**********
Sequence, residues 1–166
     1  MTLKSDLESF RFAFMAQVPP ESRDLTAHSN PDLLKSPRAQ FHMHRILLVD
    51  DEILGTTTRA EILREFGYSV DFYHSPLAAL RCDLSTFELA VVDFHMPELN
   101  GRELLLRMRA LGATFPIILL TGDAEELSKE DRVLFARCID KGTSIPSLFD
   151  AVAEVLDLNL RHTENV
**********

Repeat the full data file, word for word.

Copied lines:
Sequence, residues 1–166
     1  MTLKSDLESF RFAFMAQVPP ESRDLTAHSN PDLLKSPRAQ FHMHRILLVD
    51  DEILGTTTRA EILREFGYSV DFYHSPLAAL RCDLSTFELA VVDFHMPELN
   101  GRELLLRMRA LGATFPIILL TGDAEELSKE DRVLFARCID KGTSIPSLFD
   151  AVAEVLDLNL RHTENV